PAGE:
The FSCS is suing Abbey as part of its attempts to recover claims the scheme has paid out to around 1,800 investors who were missold precipice bonds by IFAs who have since gone out of business.
Last year Money Marketing first revealed the FSCS’s intention to go after providers it believes are part responsible for the misselling of precipice bonds in cases where the IFA has gone bust.
David Aaron Partnership, RJ Temple and Berry Birch & Noble Financial Services are among the adviser firms declared in default by the FSCS who have large numbers of claims against them.
Abbey had claimed that the FSCS was acting outside its authority by attempting to recover claims from providers.
But in the High Court yesterday, Mr Justice David Richards ruled the FSCS could go ahead with its claim. Abbey has not decided whether to appeal.
Pending any appeal, the full trial is expected to take place in May 2009.
The products were promoted by NDF and the court heard evidence that the FSCS contends that “the marketing material for the products failed to make clear the risks associated with them and that investors were induced to invest in the products in reliance on misleading statements and material omissions”.
The FSCS contends that if the marketing material had “fairly disclosed the degree of risk in the products” clients would not have invested in the product.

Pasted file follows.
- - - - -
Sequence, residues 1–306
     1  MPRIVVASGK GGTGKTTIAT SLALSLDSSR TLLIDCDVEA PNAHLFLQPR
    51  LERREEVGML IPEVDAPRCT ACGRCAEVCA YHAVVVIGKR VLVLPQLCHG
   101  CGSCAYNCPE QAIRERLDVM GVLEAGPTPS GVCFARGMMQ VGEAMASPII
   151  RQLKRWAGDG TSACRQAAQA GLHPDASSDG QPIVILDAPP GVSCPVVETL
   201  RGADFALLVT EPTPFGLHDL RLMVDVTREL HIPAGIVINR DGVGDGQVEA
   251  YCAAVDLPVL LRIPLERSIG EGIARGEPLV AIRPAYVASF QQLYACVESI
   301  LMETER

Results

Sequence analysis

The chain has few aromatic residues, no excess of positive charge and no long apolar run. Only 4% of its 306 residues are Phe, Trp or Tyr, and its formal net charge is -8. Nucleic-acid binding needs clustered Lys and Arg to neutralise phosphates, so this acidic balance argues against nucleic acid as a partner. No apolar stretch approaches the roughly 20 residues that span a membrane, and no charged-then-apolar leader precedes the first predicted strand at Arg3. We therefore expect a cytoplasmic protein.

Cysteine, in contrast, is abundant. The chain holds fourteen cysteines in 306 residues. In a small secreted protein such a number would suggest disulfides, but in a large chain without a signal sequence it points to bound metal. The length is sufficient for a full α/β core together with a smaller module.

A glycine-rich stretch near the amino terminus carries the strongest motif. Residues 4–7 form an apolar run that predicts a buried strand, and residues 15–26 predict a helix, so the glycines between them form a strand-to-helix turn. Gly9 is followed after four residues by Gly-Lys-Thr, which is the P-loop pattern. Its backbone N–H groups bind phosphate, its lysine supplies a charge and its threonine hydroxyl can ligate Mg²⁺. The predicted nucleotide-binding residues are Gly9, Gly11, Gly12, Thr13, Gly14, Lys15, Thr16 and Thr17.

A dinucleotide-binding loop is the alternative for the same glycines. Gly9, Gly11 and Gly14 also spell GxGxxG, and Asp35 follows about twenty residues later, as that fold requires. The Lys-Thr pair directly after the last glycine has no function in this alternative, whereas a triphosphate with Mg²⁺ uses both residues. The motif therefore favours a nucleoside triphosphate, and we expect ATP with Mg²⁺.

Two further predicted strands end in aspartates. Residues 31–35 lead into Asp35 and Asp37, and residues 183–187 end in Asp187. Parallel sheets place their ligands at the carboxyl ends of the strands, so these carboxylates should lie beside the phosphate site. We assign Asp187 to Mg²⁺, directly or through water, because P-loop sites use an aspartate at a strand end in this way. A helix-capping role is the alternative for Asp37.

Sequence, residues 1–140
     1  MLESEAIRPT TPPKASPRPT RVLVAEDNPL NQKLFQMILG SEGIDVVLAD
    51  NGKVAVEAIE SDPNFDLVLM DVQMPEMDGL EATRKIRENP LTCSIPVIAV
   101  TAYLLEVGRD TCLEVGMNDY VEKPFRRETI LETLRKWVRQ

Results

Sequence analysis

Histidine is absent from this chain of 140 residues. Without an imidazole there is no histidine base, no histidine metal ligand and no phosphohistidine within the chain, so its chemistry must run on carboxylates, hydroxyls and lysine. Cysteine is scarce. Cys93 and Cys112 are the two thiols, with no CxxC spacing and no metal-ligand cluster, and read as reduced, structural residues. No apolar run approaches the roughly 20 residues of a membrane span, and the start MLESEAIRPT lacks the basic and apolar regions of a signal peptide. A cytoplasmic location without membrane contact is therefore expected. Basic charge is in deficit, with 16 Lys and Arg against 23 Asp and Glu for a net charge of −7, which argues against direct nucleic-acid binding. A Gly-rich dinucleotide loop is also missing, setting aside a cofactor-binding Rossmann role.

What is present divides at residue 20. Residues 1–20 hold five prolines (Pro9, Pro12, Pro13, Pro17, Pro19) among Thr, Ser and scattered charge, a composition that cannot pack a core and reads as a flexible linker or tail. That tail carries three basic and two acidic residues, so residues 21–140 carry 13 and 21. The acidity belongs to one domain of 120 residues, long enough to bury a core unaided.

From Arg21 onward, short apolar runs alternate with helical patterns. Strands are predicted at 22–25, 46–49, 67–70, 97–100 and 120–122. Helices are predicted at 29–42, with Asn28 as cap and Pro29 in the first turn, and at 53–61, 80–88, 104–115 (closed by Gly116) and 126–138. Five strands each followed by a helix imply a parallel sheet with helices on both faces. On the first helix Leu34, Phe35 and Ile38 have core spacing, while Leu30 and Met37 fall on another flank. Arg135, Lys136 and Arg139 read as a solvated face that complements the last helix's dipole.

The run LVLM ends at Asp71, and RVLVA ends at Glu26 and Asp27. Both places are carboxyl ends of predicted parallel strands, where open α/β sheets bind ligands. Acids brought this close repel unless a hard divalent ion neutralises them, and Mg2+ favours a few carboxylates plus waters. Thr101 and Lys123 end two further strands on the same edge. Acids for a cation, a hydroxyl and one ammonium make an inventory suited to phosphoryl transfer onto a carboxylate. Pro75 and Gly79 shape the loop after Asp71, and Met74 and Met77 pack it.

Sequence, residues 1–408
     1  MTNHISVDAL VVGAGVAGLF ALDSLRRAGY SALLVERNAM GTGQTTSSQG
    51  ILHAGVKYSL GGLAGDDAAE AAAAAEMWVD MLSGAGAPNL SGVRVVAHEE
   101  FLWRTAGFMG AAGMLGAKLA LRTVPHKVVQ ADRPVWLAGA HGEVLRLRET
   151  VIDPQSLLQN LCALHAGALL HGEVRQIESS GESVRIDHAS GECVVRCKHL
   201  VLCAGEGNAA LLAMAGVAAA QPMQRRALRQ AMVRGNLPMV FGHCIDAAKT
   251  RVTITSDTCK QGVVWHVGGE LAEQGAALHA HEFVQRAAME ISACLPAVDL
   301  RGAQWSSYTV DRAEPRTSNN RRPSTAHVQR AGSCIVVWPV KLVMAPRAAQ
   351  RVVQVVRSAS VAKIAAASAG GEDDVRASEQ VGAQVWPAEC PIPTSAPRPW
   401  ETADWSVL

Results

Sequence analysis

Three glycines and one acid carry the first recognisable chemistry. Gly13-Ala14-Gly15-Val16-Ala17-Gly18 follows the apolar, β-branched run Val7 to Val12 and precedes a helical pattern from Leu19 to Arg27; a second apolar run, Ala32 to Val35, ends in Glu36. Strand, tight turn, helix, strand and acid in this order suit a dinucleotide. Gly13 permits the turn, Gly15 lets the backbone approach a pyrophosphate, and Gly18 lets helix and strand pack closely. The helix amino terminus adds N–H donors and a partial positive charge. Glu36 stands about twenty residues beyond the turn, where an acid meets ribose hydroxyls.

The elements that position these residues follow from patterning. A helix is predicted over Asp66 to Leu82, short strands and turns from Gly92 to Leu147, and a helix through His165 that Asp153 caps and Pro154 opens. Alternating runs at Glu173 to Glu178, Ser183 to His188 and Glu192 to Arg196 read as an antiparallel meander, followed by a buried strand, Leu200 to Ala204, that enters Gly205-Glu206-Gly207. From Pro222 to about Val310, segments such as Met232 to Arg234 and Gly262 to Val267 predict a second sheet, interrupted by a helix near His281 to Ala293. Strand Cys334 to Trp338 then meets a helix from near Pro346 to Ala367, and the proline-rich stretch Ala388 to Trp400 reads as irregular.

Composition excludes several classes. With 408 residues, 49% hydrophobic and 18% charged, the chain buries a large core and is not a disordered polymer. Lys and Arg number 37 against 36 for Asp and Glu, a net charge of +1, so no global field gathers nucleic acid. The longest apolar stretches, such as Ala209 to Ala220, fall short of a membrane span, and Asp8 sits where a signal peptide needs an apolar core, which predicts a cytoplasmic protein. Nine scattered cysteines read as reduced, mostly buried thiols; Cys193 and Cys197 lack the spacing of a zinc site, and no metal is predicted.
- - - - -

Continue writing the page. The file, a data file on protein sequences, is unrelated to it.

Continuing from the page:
The FSCS claims against NDF are for breach of statutory duty, negligence and misrepresentation. It claims that Abbey collaborated with NDF in the development and promotion of the products and in marketing them to investors through IFAs.
Abbey claims the plans and promotional material were issued by NDF and that it has no responsibility for the misselling as it did not give investment advice to retail investors or issue promotional material.
A spokesman for Abbey says: “Naturally we are disappointed with the outcome, but of course this was only a hearing in relation to two preliminary points of law and is not a final decision on the case. The judge has granted permission for us to appeal to the Court of Appeal in relation to his decision and we shall be reviewing this option in conjunction with our legal advisers.”
Compliance consultant Adam Samuel says: “The judgement in this case seems reasonable and fairly predictable. It raises a bigger picture question about the role of the FSCS. Is it just to compensate people with claims against firms who have gone bust or does it have a further function to reduce its own levy by seeking compensation from third parties to reduce the amount it loses when it pays claims?
“It seems sensible to allow the FSCS to do both so long as it exercises that power responsibly. If the FSCS has a valid claim against Abbey, it seems appropriate to allow it to pursue that claim.”